Writer’s are in the absurd position of needing validation.  It’s ridiculous and unfair and causes us to put forward arguments like, “If a person paints, we call them an artist, if a person builds cabinets we call them a carpenter, ergo, if a person writes, they are an author.  Why do we need one of ‘The Big Six’ to bestow that title on us?”  And that is true.
The problem with this comparison, however, is that the writers are choosing who to compare themselves with.  What about actors?  Does practicing acting in your home make you an actor?  And if you met a person who claimed to be an actor who said to you, “I don’t believe in the antiquated model of auditioning for parts—I follow a new paradigm, so I’ve rented a hall and written my own play for me to star in.  Would you like to buy a ticket?  I have plenty left,” would you consider that person an actor, or a self-deluded wannabee doing something any idiot with more money than sense could do?
(Incidentally, what we learn from this is that self-published writers need to keep comparing themselves to artists and carpenters and if someone says, “But what about actors” it would be best to change the subject immediately.)
And so we arrive at the heart of the matter:  I don’t want to self-publish because, like the antics of the wannabee actor, anyone can do it.
Until a few years ago, aspiring to be a writer—a published author, someone who wrote a novel good enough to put between the covers of a book—was a noble ambition.  There was no shortage of people who said, “I could write a book,” but those who actually did it were few.  But now, anyone can; they can, their little brother can, their grandmother can, their great aunt Tilly can and, seemingly, they all are.  Having a book with your name on it these days is meaningless; the only thing that injects any significance into the phrase “I have a book out,” is if you can truthfully follow it up with “and I’ve sold a quarter million copies on Kindle” or “and it was published by (insert Big Name Publisher here).”
I’m not likely to sell a lot of books, so the only thing I can do to make saying “I have a book out” worthwhile is to secure a publishing contract.  Anything else would be a compromise and an admission of defeat.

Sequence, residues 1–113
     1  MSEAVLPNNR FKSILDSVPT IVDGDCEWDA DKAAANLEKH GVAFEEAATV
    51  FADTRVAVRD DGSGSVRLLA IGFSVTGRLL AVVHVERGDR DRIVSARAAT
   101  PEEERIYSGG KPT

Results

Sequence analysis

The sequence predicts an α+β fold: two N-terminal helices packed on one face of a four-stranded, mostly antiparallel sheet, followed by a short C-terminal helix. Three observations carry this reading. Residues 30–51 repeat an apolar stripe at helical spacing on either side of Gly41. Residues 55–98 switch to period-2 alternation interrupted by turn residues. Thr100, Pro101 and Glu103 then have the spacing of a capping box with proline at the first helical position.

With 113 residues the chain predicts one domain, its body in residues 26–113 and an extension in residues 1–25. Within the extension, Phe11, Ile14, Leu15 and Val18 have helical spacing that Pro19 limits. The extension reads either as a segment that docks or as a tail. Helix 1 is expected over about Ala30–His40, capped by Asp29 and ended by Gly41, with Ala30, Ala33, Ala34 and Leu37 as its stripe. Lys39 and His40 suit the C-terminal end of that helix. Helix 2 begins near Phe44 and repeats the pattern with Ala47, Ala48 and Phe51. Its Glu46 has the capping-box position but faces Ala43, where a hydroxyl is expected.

Here’s hoping I won’t be back in six months admitting defeat.

Monday, February 06, 2012

I Solemnly Swear

This past weekend, I went through my Postcards books and deleted the swear words.
This is something I have been thinking about for a while (ever since the final Postcards book was completed—but more on that in a moment) and I was not sure how I felt about it.  I’m still not sure how I feel about it, but it is done, and I believe it was the right decision.
The swear words included only the F-Bomb.  It’s a word I quite fancy, and one I use often; just ask my wife or my co-workers.  They will, however, (if interrogated deeply enough and choose to answer honestly) admit that I don’t use the word with quite the same alacrity as I used to.
Consequently, the first book had six instances of the Eff-Word, book two had three and the final installment has none at all.  More tellingly, the final book did have two but—despite them being used in context and for comic effect—they jarred with the rest of the text to the point where removing them was obviously the right thing to do.  I remain glad I did; the book reads much better because of it.
But what about the other two?  I always saw them as a set, so would having one book with no swear words fit in with the rest of the series even if the language wasn’t quite as—how shall I say—gentle?
Altering “completed” works is nothing new: Dickens’ two endings for Great Expectations is a notable literary example, Paul Simon went back, years later, to add another verse to The Boxer, and of course they painted clothing on the naked angels during the Middle Ages.  But is this right?  One of the great advantages of self-publication is this ability to alter the “finished” work at any time.  But just because we can, does that mean we should?  With this new-found freedom, can we now beta-test ending of our novels the way the film companies try out several different endings to some movies?  Will people buying a book in this brave new world now have to worry about buying it again because, in a year or so, it might be different?  And if that is to be the case, shouldn’t they be allowed to “upgrade” at no additional cost?
And will my books start appearing on eBay with the claim “Like New!  The original paperback, with the swear words!  £276.65”?
These were the questions that kept me of several minds while I was attempting to decide what to do with the nine “bad” words out the nearly 200,000 that make up the three books.  Strange how we choose to torment ourselves.
The reasons I decided to do it were individual to this piece of work, and I might not make the same decision on another book, but this is why I ultimately put myself through the hell of re-formatting and re-uploading a set of very similar books to multiple sites over the course of an exceedingly long, and dreadfully frustrating Friday:
  • The books, being part of a greater whole, need to be consistent, and instead of bringing the tone of the last one down, I chose to bring the tone of the other two up.
  • Although the first two books handled the profanity well, the final book changes the tone of the series, making hard profanity out of character.
  • Oddly, over the years, my sensibilities have changed to the point where I didn’t like the swear words in the text and—this being the pivotal point—they were MY books and I could do as I bloody well saw fit with them.
And so, future readers who buy the complete set of Postcards books, will be getting what is, for now, the final cut—a humorous, but profanity-free—romp through Ireland and life in Great Britain.
I just hope they appreciate all the fucking effort I went thought.